After scrapping six possible launches this month, NASA scientists have to explore whether they can get an extension—of time, and of funding—to send a supersonic parachute to the edge of space. The goal is to test flying-saucer-shaped decelerator technology that could eventually be used to help humans land on Mars. For now, though, the equipment hasn't even left Earth.
NASA ruled out possible launches for the test vehicle, named Keiki o ka honua, on June 3, June 5, June 7, June 9, June 11, and June 14 due to weather issues—mostly wind—at the U.S. Navy's Pacific Missile Range Facility on the Hawaiian island of Kauai.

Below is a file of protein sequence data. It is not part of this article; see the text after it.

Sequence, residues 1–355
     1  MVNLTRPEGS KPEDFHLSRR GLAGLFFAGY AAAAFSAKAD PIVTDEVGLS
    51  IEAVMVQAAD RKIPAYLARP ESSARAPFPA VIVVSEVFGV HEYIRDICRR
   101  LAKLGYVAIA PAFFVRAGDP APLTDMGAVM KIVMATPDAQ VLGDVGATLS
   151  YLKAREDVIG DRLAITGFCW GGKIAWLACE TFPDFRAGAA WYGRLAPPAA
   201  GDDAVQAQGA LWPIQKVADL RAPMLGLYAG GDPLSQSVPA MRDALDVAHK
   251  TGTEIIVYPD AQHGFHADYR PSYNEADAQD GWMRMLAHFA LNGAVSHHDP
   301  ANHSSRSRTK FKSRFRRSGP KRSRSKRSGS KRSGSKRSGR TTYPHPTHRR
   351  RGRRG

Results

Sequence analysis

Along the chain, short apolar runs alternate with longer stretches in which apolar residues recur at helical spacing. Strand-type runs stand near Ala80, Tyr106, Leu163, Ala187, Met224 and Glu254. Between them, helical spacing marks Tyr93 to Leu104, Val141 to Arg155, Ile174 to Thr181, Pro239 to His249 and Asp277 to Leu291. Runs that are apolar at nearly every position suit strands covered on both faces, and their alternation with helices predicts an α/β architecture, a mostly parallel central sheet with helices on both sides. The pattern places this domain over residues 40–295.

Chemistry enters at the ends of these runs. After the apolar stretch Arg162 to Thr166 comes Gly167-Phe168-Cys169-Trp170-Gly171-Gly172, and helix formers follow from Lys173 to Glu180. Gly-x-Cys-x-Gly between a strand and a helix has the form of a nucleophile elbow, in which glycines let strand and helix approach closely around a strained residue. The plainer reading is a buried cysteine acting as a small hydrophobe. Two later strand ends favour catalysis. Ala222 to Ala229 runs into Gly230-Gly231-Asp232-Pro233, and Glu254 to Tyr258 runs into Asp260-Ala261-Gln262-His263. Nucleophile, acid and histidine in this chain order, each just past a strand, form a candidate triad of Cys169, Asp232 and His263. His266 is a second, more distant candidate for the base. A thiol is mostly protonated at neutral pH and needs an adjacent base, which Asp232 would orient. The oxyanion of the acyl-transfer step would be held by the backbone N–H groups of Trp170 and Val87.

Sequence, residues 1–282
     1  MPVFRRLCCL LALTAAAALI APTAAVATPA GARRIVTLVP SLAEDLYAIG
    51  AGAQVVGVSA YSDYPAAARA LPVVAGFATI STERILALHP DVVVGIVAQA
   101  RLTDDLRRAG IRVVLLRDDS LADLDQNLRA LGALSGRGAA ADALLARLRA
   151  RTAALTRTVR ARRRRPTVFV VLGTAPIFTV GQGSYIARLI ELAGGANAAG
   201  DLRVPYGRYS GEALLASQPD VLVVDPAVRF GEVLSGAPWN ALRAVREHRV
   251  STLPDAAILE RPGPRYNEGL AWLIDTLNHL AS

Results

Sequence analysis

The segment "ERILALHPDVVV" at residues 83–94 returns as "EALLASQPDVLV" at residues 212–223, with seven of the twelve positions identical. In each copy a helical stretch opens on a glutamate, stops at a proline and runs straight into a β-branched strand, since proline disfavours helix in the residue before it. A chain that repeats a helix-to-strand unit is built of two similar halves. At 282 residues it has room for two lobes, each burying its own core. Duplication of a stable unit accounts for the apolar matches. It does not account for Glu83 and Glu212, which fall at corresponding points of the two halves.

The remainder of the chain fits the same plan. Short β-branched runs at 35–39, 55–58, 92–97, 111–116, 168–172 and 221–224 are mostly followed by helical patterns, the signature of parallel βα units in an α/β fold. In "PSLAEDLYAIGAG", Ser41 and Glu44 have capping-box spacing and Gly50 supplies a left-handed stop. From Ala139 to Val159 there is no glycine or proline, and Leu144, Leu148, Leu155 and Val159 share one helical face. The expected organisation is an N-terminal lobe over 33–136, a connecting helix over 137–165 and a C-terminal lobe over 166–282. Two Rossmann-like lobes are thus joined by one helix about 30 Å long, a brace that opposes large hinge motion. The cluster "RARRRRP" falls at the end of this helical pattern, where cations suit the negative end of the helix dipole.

"NASA will investigate options after looking at factors such as future PMRF range availability and availability of funds to extend the test timeline," NASA spokesman David Steitz told me in an email.
And though NASA scientists must be frustrated with the delay, there's something almost pleasantly humbling about our little planet's atmospheric conditions interfering with scientific ambition of this scope. Of all the barriers to get in the way of a mission that entails a stadium-sized balloon that deploys a rocket carrying a parachute designed to travel at four times the speed of sound ... regular old wind is getting in the way.